RT @IHSMarkitPMI: 🇺🇸 Flash US PMI rose to 51.0 in September (50.7 - Aug) to signal only a modest rise in private sector output. New order g…
Bondholders enjoy their day in the sun
Seasoned credit investors are painfully familiar with shareholder-friendly actions. Leveraged buyouts, debt-financed share buybacks and special dividends can all deliver nasty surprises to bondholders.
But idiosyncratic risk works both ways and companies can implement policies that favour bond investors, much to the chagrin of equity holders. Marks & Spencer is a good example. The UK retailer announced that it was creating a joint venture with Ocado to sell its groceries online, paying a princely sum of £750m. Media reports rightly focused on the seemingly high price paid by M&S - more than 40 times earnings. But the sharp fall in the share price was caused by how the deal was financed, as well as concerns about the lofty valuation.
M&S has relatively high leverage for an investment grade name (rated Baa3/BBB-), leaving it little room for manoeuvre to avoid fallen angel status. Hence it decided to fund the deal largely through a rights issue and a dividend cut - a financial policy that is never going to endear management to shareholders.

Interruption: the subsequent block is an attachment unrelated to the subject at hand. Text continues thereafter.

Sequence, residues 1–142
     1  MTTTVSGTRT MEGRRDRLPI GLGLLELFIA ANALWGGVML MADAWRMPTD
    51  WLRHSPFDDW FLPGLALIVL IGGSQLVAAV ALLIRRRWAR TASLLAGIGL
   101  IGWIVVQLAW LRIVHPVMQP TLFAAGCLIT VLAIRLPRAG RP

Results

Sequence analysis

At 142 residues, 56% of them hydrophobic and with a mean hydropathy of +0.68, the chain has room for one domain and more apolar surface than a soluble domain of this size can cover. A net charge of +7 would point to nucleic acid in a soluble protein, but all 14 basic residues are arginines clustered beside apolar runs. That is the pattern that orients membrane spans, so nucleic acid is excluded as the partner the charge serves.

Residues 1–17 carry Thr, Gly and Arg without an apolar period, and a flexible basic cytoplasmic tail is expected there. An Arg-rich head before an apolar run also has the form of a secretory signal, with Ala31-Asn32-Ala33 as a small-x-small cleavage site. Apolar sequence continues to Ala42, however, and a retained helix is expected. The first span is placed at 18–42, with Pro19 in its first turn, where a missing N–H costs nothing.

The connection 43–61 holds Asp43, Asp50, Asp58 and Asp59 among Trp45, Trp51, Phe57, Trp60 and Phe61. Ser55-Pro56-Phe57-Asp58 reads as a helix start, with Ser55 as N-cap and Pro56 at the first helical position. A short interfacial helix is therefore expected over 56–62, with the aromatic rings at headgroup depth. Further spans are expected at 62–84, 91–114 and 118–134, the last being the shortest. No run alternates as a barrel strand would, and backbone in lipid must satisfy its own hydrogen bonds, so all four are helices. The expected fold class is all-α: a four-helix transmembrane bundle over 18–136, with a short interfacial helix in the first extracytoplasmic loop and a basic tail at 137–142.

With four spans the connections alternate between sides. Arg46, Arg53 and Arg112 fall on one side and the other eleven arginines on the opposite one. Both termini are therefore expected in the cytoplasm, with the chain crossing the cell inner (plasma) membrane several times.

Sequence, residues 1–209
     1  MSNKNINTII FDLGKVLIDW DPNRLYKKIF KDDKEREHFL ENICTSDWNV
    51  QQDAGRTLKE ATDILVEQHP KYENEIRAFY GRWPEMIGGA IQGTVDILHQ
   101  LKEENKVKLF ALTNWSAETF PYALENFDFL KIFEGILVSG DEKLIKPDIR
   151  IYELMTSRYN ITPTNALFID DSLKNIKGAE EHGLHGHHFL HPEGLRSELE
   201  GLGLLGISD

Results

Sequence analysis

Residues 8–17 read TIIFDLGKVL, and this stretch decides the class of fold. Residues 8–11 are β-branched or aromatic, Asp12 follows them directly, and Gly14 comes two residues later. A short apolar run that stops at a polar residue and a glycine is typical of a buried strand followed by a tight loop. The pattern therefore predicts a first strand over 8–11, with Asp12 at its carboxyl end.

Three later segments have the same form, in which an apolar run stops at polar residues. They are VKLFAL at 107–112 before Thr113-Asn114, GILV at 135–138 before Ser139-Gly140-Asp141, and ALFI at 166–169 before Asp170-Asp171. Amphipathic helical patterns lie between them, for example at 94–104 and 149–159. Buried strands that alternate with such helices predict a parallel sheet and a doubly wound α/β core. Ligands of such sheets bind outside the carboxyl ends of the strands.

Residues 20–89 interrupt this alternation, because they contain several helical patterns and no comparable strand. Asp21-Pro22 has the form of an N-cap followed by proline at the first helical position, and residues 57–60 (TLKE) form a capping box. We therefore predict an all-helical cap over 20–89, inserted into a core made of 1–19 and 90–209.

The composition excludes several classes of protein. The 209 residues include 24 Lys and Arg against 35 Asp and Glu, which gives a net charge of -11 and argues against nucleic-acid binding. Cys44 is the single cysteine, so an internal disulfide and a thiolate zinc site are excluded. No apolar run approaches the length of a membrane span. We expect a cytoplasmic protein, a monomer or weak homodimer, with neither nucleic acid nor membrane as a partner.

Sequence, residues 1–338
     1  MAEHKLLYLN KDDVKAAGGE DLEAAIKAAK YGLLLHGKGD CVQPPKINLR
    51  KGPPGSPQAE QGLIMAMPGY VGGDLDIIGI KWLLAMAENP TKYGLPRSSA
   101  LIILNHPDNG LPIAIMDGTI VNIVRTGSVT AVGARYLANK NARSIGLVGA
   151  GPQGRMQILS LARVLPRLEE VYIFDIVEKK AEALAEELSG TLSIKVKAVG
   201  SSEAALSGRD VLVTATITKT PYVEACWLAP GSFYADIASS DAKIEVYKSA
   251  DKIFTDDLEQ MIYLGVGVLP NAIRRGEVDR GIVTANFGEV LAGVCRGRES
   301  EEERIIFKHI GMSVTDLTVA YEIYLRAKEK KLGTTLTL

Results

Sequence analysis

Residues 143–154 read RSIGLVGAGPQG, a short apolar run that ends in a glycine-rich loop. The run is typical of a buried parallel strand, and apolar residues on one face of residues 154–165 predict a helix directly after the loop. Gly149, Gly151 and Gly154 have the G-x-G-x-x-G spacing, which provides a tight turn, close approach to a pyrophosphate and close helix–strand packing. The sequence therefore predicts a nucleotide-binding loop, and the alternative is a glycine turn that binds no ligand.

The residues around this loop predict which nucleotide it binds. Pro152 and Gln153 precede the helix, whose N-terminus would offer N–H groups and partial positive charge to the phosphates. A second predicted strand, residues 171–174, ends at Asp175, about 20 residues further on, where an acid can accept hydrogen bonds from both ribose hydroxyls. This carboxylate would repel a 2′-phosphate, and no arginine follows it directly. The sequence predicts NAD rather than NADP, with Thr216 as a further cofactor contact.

Nonetheless, it is music to the ears of bondholders. The balance sheet will be strengthened, alleviating short-term concerns about a downgrade to junk, and the venture fills the glaring online gap for M&S. CDS spreads in the retailer rallied 24bps to 159bps and they have now recovered all of their spread widening that occurred during the broad sell-off in Q4 last year.
Perhaps this is a harbinger of things to come. It has been widely noted that the proportion of debt rated BBB as a percentage of total investment grade debt is at its highest for several years, leaving mandated investors vulnerable. But companies on the cusp of high yield have the tools to defend their ratings, as long as they are prepared to strengthen their balance sheets and offend shareholders in the process.
The interests of bond and shareholders are not always opposed. General Electric's recent performance demonstrates that the two sets of investors can sometimes share the benefits of a shift in financial policy. The company announced measures - including eliminating the dividend and asset sales - to shore up its position and avert the risk of further rating downgrades (currently rated Baa1/BBB-). Given that GE's future would be threatened by continued credit deterioration - GE Capital funds through commercial paper - a credible turnaround strategy would be welcomed by both bondholders and shareholders, regardless of the short-term pain for the latter. GE's 5-year CDS has tightened from 268bps in November to the current level of 91bps, while the stock price is up over 40% this year.
A more accommodative stance from the major central banks evident in recent weeks could well extend the current credit cycle and delay the inevitable rise in default rates. But credit investors should be screening for financial policy shifts among the more fragile BBB names - idiosyncratic risk can generate alpha for long positions as well as protection buyers.
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